Due to the sequester cuts to federal programs, employees at the EPA may experience a reduction of up to thirteen work days this year. How you see this kind of situation depends upon your point of view.
As a former state government worker who experienced a similar kind of work furlough which resulted in about 20 days a year with no work and no pay, it turned out to enjoyable and not at all a tragedy. (Some media reports about the sequester may be overreactions, but this is what the media is infamous for at times.)
Consider the fact that in some cases furlough days can be combined with weekends, so a worker has a three-day or even four-day weekend when there are national holidays. The extra time off can be very helpful to workers who have home projects to complete, or visitors staying with at their homes. It also provides more opportunities to take small trips and enjoy some light travel. There also could be more time to start a side-business or take an online course.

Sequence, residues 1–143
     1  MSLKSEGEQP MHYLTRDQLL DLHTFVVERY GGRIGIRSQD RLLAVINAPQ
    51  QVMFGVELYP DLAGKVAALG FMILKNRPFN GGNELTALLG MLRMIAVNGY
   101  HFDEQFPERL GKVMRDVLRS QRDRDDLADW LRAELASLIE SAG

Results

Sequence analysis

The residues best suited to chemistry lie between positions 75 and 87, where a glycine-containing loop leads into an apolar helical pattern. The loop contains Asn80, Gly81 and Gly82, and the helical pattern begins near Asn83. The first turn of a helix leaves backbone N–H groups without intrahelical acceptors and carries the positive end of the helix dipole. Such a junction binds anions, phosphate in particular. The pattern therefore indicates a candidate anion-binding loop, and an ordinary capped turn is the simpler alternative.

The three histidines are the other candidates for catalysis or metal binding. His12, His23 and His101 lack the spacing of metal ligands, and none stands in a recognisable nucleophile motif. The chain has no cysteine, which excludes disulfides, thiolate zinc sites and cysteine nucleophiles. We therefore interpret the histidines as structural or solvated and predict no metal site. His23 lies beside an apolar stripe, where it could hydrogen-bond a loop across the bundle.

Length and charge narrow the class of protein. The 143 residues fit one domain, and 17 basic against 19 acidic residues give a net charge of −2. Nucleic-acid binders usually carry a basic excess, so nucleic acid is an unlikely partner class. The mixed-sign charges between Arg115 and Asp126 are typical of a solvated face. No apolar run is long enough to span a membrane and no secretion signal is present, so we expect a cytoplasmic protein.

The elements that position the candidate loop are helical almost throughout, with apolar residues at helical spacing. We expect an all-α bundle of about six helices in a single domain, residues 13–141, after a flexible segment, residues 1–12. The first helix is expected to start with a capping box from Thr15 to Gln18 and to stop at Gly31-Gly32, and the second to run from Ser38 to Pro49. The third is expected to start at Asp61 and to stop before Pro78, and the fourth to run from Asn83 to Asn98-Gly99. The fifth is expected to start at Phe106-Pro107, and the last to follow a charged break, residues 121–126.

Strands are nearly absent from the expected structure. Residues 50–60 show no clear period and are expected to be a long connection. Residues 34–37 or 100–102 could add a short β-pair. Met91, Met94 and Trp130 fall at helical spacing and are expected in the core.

Additionally, when people experience disruption in their life routines some take it as an opportunity to reflect upon how happy they are and if they need to make important changes. In the case of the state employee furloughs, most said they enjoyed having the extra time, and didn’t miss the money they did not get. In other words, it was not at all a disaster, nor even slightly damaging. It actually turned out to be a life enhancement. A research study conducted in the UK focused on civil servants found some of them were so bored their health was at risk. The most bored were more likely to die from heart disease. Could it be healthier for some government workers to spend less time at the office?
Funny how that possibility is not being reported in the mainstream media.
Image Credit: Shyam, Wiki Commons